One would think that in 2013 anyone who does social media professionally has the social Web figured out, particularly when one works for a big brand that has hundreds of thousands of customers who know how to use Facebook and Twitter.
But I guess we know what happens when one assumes.
Let's take Applebee's as case in point. The Mercury News sums up the situation quite nicely:
"A waitress at a St. Louis Applebee's lost her job for posting online the receipt upon which a pastor had declined to leave a tip, with a snarky note saying she gave God 10 percent.
"After her dinner on Jan. 25, Pastor Alois Bell crossed out the automatic 18 percent tip charged for parties of more than eight. "I give God 10% why do you get 18," she wrote above her signature.
"Employee Chelsea Welch—a colleague of the stiffed server—took a picture of the receipt and uploaded it to the online site Reddit. She subsequently lost her job, an Applebee's spokesman confirmed to TheSmokingGun.com, for violating a customer's privacy."
So, the friend of the stiffed waitress was fired for posting a copy of the receipt on Reddit. And it's pretty crappy when someone won't leave a tip (though the pastor claims she left cash, it has not been confirmed), especially for a large party and because she disagrees with the percentage, not because the service was horrendous.
But that's not the story. The story isn't even the rage people felt as they took to the Web to demand the waitress get her job back, creating "Rehire Chelsea Welch" groups on Facebook.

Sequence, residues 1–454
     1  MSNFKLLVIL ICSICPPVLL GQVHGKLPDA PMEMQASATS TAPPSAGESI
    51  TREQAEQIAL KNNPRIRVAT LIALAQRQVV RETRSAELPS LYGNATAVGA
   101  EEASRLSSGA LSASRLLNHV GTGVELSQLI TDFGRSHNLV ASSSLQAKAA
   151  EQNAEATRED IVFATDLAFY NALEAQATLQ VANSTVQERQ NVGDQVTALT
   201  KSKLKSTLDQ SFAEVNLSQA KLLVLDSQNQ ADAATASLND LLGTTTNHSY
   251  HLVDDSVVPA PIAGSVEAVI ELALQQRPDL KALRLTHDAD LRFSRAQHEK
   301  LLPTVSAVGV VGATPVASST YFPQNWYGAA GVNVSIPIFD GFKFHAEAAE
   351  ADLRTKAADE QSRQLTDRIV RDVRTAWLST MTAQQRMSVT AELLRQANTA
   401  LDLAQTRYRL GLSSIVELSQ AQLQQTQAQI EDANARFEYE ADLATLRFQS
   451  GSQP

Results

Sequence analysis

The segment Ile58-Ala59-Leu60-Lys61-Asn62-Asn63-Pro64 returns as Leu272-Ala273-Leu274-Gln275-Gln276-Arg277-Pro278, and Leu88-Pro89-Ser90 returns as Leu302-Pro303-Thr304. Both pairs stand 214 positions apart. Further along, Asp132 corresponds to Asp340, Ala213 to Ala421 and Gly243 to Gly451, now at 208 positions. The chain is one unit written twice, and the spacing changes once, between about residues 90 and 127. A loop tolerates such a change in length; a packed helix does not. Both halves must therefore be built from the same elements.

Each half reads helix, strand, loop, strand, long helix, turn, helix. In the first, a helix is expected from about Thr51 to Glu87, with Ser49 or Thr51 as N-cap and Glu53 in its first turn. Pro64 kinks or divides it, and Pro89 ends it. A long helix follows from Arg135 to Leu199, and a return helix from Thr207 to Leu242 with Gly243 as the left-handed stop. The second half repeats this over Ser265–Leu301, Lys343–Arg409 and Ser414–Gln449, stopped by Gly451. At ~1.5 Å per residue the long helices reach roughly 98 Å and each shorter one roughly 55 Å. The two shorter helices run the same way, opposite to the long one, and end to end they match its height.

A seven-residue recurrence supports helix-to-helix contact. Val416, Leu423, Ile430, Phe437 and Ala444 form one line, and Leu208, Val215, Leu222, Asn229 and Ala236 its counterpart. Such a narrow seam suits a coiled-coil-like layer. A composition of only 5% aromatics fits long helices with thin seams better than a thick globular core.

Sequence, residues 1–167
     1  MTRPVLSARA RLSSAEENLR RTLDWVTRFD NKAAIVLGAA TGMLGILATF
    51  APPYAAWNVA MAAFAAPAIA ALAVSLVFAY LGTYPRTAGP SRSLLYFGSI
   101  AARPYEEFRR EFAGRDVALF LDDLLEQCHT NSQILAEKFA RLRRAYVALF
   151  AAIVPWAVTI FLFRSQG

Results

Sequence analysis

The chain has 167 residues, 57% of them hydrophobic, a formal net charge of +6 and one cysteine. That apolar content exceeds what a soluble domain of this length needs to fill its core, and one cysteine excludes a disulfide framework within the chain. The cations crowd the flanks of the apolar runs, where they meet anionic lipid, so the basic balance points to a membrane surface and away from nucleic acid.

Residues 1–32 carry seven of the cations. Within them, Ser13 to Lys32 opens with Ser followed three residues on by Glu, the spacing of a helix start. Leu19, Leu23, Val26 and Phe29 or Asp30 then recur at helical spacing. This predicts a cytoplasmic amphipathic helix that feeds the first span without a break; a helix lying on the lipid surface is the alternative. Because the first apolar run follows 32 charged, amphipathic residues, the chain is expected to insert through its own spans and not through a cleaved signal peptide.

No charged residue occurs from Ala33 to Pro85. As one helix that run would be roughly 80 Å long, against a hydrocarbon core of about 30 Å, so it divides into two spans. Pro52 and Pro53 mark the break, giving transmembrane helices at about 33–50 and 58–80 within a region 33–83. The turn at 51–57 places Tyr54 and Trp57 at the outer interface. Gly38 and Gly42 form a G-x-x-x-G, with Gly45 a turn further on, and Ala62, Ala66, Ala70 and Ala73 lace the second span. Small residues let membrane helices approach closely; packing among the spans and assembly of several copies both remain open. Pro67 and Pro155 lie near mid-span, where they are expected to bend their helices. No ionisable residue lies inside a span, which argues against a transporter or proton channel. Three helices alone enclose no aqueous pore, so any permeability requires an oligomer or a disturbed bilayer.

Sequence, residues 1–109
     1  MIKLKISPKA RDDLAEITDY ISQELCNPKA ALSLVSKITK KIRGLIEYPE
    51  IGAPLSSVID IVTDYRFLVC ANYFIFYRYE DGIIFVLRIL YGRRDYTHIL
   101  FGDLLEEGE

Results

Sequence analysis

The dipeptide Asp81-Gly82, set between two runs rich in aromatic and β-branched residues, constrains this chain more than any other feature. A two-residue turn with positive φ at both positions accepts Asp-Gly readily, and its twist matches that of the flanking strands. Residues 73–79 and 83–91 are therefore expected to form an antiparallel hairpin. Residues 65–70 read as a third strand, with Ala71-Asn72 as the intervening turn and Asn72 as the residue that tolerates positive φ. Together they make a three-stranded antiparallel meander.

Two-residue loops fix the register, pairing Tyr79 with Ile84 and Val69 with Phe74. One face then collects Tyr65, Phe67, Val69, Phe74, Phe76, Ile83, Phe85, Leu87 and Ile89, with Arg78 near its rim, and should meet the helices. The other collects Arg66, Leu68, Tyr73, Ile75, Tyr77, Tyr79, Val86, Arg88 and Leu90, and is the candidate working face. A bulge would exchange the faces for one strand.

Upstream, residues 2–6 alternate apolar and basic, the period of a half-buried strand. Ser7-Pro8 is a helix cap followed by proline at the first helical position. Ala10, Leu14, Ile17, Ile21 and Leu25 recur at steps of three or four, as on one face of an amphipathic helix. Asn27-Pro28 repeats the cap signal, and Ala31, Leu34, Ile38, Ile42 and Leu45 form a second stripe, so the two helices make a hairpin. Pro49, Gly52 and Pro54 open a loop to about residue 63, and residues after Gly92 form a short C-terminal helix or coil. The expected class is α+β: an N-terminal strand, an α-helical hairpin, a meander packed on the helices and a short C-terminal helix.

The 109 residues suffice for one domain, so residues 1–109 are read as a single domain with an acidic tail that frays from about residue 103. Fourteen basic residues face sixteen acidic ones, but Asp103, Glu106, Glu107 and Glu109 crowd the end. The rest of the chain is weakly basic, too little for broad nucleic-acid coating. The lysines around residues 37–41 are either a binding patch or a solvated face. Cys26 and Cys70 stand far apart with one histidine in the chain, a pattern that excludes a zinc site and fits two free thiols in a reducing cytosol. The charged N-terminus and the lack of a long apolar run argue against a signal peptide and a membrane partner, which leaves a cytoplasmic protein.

The real story
The story—the marvelous train wreck of a story—is how Applebee's responded.
Around 3 p.m. on Friday, Applebee's posted this on its Facebook page:
I don't disagree that Applebee's should have fired the waitress. If it's against Applebee's policy and violates the guest's right to privacy, so be it. That's a fireable offense.
But then, this (captured by IfYouCantAffordtoTip) is also a fireable offense, as it violates the guest's right to privacy because it shows his name at the bottom:
Around midnight on Friday, the issue really began to take steam and people began commenting back about the hypocrisy and double standard.
Mismanagement of the Facebook page
But here's where it gets good: At 3 a.m. (yes, in the middle of the night), whoever controls the Applebee's Facebook and Twitter streams began commenting to people with a clearly pre-approved message that tells Applebee's side of the story.
However, it was posted as a comment on the original status update on the page and, with more than 17,000 comments on there, quickly got lost in the shuffle.
Note to anyone managing social networks: If you have to provide a statement, do so with a new status update.
Of course, it was impossible to find after five minutes because apparently people sit up all night to post on social networks.
Because the statement was impossible to find, the person handling the account began to tag the people who were commenting, and copied and pasted the message explaining the situation.
Now, mind you, this is in the middle of the night, so people called out Applebee's for copying and pasting. Have a look: